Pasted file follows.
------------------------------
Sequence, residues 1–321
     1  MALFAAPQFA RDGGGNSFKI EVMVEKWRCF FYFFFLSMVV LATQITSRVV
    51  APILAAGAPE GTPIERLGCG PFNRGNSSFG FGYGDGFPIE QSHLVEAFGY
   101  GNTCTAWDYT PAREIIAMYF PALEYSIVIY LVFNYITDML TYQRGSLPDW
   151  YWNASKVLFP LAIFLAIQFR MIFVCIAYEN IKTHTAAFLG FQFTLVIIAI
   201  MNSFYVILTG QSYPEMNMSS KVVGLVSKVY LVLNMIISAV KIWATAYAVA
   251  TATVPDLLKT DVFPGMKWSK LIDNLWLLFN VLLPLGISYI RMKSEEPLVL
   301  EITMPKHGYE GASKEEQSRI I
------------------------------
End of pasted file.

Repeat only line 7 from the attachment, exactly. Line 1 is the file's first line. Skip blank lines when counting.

   251  TATVPDLLKT DVFPGMKWSK LIDNLWLLFN VLLPLGISYI RMKSEEPLVL